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The past and recent sea and disasters in the ACR of Coast Guard Station Surigao, particularly Dinagat-Surigao and approaches, and the less visibility of search and rescue units or at times the  delayed search and rescue operations by concerned agencies not to mention its limited assets and capability, prompted the need for an organization with local SEARCH AND RESCUE capability in the area. The idea was to have a search and rescue organization capable of rescue operations that would react first pending the arrival of assets from the government. Such idea was conceptualized between the coastguard in Surigao and the Surigao-Dinagat passenger motorbanca association  where its members are boat owners and operators in the area. With series of talks conducted for the idea, and finalization, the Surigao-Dinagat searchand rescue fleet was established through MOA between the  organizers and the PCG which was held on 11 December 2008. The signatories were ADMIRAL Wilfredo D Tamayo PCG, Commandant PCG and ENGR ROLDAN E LISONDRA representing Surigao Del Norte Motorized Banca Operators Association, Inc. with eighty four (84) motor banca members.

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On behalf of the Chairman of the Board and CEO, Dr./BGen.Antonio Laperal Tamayo, it is my distinct pleasure to welcome each and everyone of you to our Biñan campus which is one of the 9 campuses under the University of Perpetual Help System.

The Perpetualite Family is truly blessed and grateful to the Philippine Association of Maritime Institutions or PAMI, of course through its very capable President, Engr Felix Oca, and the other PAMI officers, Engineer Benito P Chiongbian, Vice President of R-NET NCR/Southern Luzon, Mr Sabino Czar C. Manglicmot II, PAMI’s Executive Vice President, and the member institutions’ Presidents, Deans, STOs, and Department Heads, for choosing Perpetual Biñan as the venue for this 2-day strategic programming.

We take comfort in the fact that under PAMI, our 2 maritime colleges in Las Piñas and Biñan campuses, together with the other maritime schools in our country today, are equipped with the necessary tools to cope with the policies, standards, and guidelines set by MARINA and CHED to enable Higher Maritime Education Institutions to achieve quality maritime education.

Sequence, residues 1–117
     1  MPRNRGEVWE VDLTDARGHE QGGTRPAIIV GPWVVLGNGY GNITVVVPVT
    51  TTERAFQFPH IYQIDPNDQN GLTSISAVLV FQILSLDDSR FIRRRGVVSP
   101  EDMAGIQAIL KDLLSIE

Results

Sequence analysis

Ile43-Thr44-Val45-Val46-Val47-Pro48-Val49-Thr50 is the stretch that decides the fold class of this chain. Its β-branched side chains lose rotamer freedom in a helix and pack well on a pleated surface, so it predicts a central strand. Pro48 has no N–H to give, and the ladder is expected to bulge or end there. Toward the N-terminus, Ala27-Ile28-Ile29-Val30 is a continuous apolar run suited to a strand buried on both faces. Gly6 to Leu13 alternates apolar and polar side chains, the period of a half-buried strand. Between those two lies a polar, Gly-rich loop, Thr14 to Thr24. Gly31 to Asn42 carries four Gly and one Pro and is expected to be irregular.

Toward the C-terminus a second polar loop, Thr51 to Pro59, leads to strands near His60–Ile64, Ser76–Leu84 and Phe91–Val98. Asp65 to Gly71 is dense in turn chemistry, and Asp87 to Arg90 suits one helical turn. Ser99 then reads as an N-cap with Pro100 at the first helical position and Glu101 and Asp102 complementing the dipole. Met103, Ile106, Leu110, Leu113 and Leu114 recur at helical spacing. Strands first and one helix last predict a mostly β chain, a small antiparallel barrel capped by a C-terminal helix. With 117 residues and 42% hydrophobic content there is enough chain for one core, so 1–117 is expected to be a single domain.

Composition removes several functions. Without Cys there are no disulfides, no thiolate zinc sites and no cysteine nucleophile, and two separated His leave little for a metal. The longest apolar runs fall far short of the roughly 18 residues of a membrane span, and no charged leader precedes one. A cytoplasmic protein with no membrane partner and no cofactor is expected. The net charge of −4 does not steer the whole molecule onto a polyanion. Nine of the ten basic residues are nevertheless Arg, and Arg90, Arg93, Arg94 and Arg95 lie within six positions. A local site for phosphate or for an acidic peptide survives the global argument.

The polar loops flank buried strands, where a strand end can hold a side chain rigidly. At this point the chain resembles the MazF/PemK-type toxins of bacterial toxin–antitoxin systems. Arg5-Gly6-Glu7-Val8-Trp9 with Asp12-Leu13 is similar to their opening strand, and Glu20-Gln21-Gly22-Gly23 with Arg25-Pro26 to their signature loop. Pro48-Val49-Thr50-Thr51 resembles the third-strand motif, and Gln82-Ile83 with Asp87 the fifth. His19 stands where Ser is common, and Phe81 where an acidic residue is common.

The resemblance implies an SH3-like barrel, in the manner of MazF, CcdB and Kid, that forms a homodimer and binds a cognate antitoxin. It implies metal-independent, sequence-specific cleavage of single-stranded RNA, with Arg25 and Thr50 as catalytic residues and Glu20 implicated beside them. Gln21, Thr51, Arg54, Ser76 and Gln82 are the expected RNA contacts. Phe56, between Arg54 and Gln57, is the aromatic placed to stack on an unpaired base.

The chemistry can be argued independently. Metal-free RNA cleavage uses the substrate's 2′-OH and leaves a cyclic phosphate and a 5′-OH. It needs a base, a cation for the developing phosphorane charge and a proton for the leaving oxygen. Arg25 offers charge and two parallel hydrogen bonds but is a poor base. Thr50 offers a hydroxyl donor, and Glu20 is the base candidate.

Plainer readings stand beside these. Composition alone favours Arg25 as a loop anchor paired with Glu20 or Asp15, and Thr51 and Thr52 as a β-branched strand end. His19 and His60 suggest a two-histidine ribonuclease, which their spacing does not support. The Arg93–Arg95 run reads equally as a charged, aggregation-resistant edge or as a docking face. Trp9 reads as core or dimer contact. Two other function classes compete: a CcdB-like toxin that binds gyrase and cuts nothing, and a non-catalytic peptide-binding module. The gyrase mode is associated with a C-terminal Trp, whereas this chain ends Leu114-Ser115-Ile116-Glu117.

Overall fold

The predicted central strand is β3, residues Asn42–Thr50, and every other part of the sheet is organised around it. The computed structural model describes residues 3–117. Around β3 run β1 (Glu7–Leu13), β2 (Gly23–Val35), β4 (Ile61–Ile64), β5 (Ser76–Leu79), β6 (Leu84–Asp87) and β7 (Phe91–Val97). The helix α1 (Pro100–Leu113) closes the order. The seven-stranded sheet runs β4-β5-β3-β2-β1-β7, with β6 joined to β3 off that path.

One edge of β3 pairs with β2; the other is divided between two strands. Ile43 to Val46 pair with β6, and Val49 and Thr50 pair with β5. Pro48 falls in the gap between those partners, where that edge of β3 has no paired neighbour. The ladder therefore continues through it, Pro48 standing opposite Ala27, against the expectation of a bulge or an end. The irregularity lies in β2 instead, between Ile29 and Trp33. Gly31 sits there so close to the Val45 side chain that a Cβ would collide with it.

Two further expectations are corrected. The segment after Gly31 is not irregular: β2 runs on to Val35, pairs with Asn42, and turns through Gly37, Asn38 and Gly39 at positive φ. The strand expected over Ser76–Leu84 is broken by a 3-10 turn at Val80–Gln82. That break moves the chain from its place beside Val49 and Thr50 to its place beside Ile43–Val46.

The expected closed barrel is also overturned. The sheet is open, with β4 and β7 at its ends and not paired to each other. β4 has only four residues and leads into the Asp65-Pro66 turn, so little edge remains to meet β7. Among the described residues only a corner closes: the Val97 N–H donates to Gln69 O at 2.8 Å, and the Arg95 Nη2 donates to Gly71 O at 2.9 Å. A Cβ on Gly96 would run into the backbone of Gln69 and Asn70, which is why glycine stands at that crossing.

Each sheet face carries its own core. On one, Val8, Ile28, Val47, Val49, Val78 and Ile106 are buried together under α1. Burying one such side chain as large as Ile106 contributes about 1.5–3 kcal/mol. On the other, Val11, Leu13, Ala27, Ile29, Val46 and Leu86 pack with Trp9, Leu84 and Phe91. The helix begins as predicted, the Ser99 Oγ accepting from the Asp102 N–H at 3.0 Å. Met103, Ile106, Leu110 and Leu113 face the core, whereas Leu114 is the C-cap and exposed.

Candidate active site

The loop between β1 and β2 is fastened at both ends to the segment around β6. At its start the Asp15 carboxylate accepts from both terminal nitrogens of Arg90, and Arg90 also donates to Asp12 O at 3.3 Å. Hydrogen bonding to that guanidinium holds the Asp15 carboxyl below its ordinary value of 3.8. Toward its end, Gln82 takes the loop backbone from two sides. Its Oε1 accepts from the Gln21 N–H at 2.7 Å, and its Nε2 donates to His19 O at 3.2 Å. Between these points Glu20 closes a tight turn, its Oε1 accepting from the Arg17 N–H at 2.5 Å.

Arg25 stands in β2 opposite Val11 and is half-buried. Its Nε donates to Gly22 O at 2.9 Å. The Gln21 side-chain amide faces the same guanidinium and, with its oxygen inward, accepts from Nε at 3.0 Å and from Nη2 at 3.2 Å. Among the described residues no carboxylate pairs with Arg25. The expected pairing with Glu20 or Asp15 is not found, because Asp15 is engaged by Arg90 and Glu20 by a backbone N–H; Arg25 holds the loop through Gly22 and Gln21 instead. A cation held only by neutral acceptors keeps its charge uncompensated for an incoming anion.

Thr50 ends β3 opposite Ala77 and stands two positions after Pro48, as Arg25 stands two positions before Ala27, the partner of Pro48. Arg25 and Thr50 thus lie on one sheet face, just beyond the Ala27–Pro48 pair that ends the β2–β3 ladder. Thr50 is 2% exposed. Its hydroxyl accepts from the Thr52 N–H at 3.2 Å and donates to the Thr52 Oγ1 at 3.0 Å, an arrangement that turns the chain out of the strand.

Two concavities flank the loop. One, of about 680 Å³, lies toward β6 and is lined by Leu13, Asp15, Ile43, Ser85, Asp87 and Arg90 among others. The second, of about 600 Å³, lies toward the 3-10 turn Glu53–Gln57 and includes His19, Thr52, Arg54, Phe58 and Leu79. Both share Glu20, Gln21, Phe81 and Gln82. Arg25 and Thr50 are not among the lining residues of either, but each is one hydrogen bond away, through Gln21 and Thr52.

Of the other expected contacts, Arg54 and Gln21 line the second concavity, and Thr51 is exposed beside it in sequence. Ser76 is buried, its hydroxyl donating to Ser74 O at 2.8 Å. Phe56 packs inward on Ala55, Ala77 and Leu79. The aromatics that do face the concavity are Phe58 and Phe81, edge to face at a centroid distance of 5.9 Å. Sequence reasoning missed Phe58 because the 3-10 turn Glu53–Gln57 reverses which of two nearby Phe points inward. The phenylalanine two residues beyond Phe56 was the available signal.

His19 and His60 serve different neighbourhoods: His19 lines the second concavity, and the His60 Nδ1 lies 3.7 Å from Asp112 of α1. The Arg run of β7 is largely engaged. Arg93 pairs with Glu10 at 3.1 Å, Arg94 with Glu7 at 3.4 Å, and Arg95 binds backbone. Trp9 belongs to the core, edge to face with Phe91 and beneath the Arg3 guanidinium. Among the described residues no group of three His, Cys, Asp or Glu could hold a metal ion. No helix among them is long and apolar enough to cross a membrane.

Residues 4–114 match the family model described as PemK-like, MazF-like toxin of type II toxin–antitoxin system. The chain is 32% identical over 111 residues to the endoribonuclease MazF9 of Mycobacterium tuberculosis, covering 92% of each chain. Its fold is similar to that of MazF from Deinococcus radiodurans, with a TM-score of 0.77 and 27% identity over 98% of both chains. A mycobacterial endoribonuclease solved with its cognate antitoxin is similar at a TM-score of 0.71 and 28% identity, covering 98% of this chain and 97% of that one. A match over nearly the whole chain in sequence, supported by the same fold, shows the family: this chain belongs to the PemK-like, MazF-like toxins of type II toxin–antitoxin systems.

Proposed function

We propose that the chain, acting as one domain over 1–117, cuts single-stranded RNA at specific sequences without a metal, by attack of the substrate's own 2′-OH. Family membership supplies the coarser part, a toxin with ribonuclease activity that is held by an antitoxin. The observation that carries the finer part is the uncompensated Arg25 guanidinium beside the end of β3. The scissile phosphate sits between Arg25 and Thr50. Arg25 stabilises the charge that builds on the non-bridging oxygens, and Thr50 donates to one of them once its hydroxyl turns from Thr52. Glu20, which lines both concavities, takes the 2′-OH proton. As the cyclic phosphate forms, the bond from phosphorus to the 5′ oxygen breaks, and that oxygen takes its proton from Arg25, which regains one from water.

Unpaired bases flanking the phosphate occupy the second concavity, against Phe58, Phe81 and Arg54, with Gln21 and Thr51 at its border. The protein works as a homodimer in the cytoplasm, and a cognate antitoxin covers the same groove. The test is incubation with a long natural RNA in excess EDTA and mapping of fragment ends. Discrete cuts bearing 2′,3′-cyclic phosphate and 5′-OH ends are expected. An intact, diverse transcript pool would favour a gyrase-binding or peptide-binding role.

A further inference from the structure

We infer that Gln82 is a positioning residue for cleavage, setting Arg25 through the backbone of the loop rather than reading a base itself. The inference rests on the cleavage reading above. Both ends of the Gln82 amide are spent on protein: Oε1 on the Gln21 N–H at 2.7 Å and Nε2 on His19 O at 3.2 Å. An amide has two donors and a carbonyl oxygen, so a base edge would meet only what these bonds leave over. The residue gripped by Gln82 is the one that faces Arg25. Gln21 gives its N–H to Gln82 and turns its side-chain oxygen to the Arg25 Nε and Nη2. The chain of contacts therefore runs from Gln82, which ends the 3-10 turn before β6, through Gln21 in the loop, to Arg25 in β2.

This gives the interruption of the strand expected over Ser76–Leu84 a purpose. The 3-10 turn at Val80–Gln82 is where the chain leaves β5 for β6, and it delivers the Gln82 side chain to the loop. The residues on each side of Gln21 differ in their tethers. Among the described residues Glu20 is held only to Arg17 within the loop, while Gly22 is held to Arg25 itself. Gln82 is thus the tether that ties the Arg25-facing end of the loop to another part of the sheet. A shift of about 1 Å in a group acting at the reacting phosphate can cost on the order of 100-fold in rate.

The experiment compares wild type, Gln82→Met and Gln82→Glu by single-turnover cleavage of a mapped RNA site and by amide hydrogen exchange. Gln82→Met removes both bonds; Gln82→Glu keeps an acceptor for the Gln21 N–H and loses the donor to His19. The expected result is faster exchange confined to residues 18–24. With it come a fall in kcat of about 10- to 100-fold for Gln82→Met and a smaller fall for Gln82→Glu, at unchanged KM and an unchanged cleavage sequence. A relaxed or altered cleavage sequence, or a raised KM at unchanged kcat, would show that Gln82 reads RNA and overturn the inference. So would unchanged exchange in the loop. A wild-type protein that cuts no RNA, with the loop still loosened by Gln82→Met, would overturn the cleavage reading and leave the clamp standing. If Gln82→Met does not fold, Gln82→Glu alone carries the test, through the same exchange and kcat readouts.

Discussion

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We invite you to visit Coast Guard District Northern Luzon for yourself which sits on a vast 3,000 sqm land in the middle of a cove lined by lengthy mile of a fine beach sand and the quiet, pristine waters of the South China Sea. A stunning million-dollar view of the sunset is reward in itself after a long hot day.

It is home to 184 CG personnel and is located in San Fernando City, La Union. One can virtually find everything here from banks to resorts, malls, food chains, commercial establishments and entertainment facilities.

Coast Guard working in this District is dictated by the geography of Regions 1 and 2 which it covers. It guards the seven (7) provinces of Pangasinan, La Union, Ilocos Sur, Ilocos Nort, Cagayan, Batanes and Isabela. Natural features of these provinces are a common coastline which is lined by cities and municipalities. Many coastal dwellers are naturally fisher folks or have resorts as their means of earning a living. Unfortunately year-round unpredictable gale winds and seasonal tropical storms may wreak havoc to these tranquil lands. In existence also are long interlacing river systems that incidences of drowning are quite common. It is not surprising that folks here have witnessed, as seen televised, actual search and rescue operations conducted over the years. There are about 1 to 2 or more SAR operation per month because LGUs have come to depend on our search and rescue capabilities. Likewise, invitations to attend disaster-related preparedness and response conferences have steadily risen over the past months.

The nearness of Taiwan to Northern Luzon also poses a threat that distinctly belongs only to this District. Folks in Cagayan have become used to the inherent presence of lawless Taiwanese fishing vessels  involved in smuggling of goods, illegal fishing and poaching. The presence of MCS-3001, 3005 and 3006 water vessels in the area are our mighty front liners in the campaign to curb cited forms of maritime criminalities. On 12 and 15 May 2009, these MCS vessels were able to intercept two (2) of these Taiwanese fishing boats. TFB CHIN HONG CHEN and TZU FU TIEN  had on board 18 foreign nationals, charged with illegal fishing and poaching, a violation of RA 8550 (The Philippine Fisheries Code of 1998).